[i] At an Arts Council Presentation (Dance Open Meeting, Sadlers Wells, 26 April, 2004) of their ‘Grants for All’ funding programme to individual artists and small scale companies, what was notable was that while artists not working with traditional (western) aesthetic values still felt marginalised, those artists whose work fell within those traditions but was not firmly established, felt threatened by what was perceived as a social agenda.
[ii] In the use of the term ‘transfigurationalMcFee’s own footnote refers to Arthur C. Danto’s 1981 text The Transfigurational of the Commonplace, Cambridge, Mass.:Harvard University Press.
[iii] It is interesting in this respect that Merleau-Ponty’s phenomenological account of art in ‘Eye and Mind’ [1961] was included in Harold Osborne’s 1970 compilation of texts on aesthetics.
[iv] This text was published under the name of Janet Adshead-Lansdale. In earlier texts the same author is identified as Janet Adshead and in later ones as Janet Lansdale. For simplicity her early name is referred to throughout this text while in the bibliography works are listed as published. 
[v] According to Franko (1995), that the expressionism of the Modern Dance of the 1930’s has been over emphasised can also, in part, be attributed to the political context.
[vi] This concept is discussed by Wittgenstein in Philosophical Investigations (part II xi pp165-194).He exemplifies the difference between the continuous seeing of an aspect and the ‘dawning of an aspect’ using the ambiguous duck/rabbit figure. The image does not change but what is seen ­ duck or rabbit ­ does, and this is related to discussion of the recognition of ‘seeing as’ in which it is understood that ‘seeing as’ consists of more than receiving sense data.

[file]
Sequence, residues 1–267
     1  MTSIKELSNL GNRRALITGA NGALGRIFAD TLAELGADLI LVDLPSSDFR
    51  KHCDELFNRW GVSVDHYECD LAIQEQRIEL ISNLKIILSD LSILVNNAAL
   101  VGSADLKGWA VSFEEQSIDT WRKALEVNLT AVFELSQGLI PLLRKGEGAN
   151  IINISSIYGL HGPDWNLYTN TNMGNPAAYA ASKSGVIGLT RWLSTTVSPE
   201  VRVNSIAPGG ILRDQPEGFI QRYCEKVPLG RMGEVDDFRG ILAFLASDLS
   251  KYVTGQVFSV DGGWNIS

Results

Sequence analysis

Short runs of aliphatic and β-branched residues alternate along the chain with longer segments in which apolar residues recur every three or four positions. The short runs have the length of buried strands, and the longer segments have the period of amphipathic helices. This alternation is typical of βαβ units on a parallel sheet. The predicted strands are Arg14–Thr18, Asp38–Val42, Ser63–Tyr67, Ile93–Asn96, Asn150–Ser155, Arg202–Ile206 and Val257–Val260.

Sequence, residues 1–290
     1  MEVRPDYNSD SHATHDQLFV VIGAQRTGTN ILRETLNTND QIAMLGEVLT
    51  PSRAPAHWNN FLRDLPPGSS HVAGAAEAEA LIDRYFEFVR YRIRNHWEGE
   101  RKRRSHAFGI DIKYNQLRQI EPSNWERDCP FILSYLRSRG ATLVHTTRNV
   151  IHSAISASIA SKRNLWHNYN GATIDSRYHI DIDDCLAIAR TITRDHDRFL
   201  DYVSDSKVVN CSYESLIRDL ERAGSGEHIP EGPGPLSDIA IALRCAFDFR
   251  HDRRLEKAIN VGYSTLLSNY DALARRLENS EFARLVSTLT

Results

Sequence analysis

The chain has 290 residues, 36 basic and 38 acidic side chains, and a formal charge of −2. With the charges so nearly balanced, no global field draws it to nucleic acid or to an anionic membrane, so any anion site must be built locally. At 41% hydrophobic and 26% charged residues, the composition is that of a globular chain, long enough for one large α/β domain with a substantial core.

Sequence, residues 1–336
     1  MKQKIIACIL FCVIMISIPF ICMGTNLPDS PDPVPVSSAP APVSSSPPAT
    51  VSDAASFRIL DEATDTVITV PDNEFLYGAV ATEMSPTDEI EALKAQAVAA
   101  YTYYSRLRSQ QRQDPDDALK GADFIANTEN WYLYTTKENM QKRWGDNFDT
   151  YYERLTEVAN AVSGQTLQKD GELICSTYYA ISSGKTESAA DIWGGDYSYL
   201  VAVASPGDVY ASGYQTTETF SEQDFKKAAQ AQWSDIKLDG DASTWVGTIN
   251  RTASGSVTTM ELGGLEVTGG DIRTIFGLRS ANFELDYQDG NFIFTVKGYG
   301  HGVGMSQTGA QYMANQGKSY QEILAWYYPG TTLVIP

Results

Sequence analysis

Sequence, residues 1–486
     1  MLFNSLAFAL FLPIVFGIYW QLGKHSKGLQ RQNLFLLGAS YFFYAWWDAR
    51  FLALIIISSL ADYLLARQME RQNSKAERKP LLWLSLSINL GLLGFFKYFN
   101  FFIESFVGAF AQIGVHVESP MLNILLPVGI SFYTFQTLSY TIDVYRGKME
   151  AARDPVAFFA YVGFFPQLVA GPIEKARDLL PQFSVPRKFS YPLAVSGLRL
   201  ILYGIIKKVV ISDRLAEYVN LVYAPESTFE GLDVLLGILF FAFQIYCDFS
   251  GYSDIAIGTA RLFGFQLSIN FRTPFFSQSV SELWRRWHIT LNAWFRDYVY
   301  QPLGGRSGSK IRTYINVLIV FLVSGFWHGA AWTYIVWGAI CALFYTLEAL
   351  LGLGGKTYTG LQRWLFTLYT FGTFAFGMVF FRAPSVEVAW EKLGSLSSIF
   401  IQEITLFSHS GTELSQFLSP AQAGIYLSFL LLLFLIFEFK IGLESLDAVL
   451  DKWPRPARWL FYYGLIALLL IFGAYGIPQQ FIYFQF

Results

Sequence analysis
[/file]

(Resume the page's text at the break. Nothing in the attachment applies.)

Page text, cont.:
[vii] Shusterman (1997,9) surveys some of the theoretical approaches underlying 'The End of the Aesthetic Experience' linking this to problems faced in contemporary art which 'having
completed its philosophical transformation and lost the financial prop of
eighties' speculation, now finds it has lost an experiential point and a public to fall back on’.
[viii] Shusterman (1999, 302) posits a whole new subfield of aesthetics, ‘somaesthetics’, for the purpose of developing the body as ‘a locus of sensory-aesthetic appreciation’